But what have they done for me lately? It usually tuns out that I can't really think about anything. Now they are just collecting their fee every month. If they do something it's usually some shit I don't care about or that really benefits me. So I'm constantly torn about being a member or not.

    Now you got me thinking:
    - my house never caught fire, why am I paying those taxes for the firefighters salaries?
    - yes, the army protected the country against Japanese invasion in WWII. But that was quite a while ago, what has the army done for me lately?
    I'm sure the more I think, the more such cases I can discover. (like: what the hell those insurance parasites are actually doing for me?)

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  • (Score: 3, Interesting) by looorg on Monday March 12 2018, @02:02PM (3 children)

    by looorg (578) on Monday March 12 2018, @02:02PM (#651330)

    The point was that they have stagnated. They have done all this great things generations ago. But these days they don't seem to do anything worthwhile so they are in essence just collecting money for something already completed a long time ago. They are not pushing for anything new or improving things. Now they just want to collect.

    • (Score: 4, Insightful) by IndigoFreak on Monday March 12 2018, @05:01PM (2 children)

      by IndigoFreak (3415) on Monday March 12 2018, @05:01PM (#651422)

      This is false though. The union protects rights. They enforce the policy that they put in place years ago. Just because they aren't writing new policies doesn't mean they don't do any good. Now if they stopped enforcing policy in place, that would be an issue. But you are acting like the only use unions have is to make new policy. If the union fell apart, the policy that was put in place would most likely no longer be followed. It's not some sort of federal law or human right once a union policy goes in place. When/If a company fails to follow through, the union will be there to make them. And just because I company follows union policy and the union does not need to make them, doesn't mean without that union there, the company will still follow those practices. The mere presence of the union is most likely enough to make companies comply with their past agreements. And from past examples, once a union goes away, worker conditions/benefits drastically change.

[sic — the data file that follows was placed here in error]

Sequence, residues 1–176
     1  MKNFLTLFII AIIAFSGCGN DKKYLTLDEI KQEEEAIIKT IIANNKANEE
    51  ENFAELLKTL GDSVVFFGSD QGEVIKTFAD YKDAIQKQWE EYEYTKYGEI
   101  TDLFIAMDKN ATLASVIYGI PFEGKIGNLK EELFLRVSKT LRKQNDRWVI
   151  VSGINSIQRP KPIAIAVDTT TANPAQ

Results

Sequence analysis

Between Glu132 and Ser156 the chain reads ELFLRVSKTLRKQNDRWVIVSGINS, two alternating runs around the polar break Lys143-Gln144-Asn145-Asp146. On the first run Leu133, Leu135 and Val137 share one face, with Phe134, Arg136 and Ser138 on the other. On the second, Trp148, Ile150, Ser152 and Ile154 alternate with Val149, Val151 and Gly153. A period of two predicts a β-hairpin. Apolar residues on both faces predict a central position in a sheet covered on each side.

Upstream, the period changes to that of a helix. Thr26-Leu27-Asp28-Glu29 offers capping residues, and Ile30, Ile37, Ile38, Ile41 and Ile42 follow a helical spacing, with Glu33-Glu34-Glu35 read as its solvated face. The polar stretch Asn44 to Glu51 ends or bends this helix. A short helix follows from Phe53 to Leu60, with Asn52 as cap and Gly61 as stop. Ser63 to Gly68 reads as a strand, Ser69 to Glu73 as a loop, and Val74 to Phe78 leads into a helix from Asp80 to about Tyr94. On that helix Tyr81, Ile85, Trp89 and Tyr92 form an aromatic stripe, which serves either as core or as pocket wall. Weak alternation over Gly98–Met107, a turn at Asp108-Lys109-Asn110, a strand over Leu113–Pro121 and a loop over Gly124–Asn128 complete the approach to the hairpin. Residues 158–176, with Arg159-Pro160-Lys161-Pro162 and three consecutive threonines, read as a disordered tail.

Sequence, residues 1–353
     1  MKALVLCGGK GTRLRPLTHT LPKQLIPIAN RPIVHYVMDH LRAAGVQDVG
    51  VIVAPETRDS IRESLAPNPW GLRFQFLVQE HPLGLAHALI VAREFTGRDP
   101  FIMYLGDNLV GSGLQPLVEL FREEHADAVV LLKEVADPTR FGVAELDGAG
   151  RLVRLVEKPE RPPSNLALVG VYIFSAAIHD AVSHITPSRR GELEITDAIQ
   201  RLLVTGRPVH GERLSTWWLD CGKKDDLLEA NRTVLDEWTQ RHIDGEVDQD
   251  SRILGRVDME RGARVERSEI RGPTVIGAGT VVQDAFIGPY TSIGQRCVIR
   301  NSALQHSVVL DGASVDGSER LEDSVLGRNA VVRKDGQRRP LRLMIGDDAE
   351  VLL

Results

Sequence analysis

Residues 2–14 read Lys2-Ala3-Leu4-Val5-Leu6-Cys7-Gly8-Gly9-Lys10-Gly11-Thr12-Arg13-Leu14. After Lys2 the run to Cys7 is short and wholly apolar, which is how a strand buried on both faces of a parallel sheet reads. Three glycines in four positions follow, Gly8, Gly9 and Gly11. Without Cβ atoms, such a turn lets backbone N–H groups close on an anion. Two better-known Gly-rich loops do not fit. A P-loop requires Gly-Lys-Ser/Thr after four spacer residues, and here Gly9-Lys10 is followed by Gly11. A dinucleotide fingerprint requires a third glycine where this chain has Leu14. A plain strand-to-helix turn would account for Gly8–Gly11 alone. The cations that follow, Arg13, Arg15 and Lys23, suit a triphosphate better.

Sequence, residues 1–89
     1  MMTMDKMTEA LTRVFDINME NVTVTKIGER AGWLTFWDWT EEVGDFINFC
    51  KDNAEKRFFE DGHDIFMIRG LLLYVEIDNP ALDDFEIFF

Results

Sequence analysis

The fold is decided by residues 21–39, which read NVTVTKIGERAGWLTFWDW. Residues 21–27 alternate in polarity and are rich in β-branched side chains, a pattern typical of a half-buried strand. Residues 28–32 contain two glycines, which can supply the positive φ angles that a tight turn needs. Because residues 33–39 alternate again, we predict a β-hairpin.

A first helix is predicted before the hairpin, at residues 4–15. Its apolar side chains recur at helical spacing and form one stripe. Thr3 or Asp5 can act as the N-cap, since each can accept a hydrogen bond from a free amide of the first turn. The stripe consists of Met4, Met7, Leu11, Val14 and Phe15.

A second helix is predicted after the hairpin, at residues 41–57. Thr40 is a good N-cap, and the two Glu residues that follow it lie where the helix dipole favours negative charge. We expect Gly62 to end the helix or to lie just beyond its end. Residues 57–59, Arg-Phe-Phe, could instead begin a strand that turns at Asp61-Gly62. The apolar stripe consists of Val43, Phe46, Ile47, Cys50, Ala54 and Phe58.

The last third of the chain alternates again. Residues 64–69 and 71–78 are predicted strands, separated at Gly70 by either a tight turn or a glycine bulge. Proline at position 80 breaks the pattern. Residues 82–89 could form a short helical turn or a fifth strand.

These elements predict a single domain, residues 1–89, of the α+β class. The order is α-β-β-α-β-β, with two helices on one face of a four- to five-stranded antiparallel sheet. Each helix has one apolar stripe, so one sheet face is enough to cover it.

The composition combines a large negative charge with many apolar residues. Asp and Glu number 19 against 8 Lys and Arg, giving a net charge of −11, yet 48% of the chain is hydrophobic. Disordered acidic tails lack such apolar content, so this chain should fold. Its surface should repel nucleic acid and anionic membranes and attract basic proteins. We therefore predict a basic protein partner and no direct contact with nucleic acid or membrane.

• (Score: 1) by Sulla on Tuesday March 13 2018, @03:28AM (1 child)

        by Sulla (5173) on Tuesday March 13 2018, @03:28AM (#651661) Journal

        When I worked for state government I got to really dislike the union. When it came to striking and getting themselves raises and fighting for position like kids on student government they were top knotch, as soon as something actually important came up they side with management. A coworker and I were in a race one day to get a record on number of invoices processed when when we were behind due to am employee being out. We managed to pull off 500-600/day with 100% accuracy over the period of a week. One of our coworkers was not in on the race because they sat at the other end of the hall, this was just a friendly race between me an another guy to make catching up fun. We got written up because the third coworker couldnt beat 40 on her best day with 80% accuracy. This wasnt management getting us in trouble, this was the union having us written up for creating a unsafe work environment.